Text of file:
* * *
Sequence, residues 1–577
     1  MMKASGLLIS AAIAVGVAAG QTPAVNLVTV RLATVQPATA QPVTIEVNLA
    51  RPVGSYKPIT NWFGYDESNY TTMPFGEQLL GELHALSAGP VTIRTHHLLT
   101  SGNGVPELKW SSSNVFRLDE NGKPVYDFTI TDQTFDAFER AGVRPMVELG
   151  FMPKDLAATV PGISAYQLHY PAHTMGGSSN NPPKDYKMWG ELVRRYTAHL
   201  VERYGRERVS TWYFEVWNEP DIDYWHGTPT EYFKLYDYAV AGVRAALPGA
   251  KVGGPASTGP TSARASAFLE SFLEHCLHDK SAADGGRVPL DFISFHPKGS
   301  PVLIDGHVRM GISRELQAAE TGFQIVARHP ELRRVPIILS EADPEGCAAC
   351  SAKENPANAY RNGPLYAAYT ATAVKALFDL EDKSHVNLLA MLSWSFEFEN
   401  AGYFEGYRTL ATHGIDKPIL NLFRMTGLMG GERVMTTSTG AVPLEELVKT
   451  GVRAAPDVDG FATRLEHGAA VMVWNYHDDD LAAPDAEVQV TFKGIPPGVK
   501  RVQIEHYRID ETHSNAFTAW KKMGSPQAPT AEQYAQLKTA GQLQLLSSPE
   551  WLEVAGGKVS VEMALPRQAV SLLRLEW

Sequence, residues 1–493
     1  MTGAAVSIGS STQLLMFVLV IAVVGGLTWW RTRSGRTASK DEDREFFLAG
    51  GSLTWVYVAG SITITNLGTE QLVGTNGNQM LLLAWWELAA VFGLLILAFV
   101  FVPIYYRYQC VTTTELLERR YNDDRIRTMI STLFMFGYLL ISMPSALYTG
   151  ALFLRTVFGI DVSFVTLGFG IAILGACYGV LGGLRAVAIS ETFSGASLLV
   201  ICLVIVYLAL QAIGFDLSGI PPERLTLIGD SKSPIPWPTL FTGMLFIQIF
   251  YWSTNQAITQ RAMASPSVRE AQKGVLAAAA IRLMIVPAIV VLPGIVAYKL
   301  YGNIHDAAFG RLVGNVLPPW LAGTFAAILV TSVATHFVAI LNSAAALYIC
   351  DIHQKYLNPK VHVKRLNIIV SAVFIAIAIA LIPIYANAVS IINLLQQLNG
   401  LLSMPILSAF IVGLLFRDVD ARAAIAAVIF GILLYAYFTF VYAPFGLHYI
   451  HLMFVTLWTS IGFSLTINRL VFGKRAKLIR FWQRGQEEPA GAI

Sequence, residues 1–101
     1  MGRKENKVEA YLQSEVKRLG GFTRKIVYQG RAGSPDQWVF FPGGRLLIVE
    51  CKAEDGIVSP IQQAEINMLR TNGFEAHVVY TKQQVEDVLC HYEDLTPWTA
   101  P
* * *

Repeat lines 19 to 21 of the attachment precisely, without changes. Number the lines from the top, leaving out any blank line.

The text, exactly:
   201  ICLVIVYLAL QAIGFDLSGI PPERLTLIGD SKSPIPWPTL FTGMLFIQIF
   251  YWSTNQAITQ RAMASPSVRE AQKGVLAAAA IRLMIVPAIV VLPGIVAYKL
   301  YGNIHDAAFG RLVGNVLPPW LAGTFAAILV TSVATHFVAI LNSAAALYIC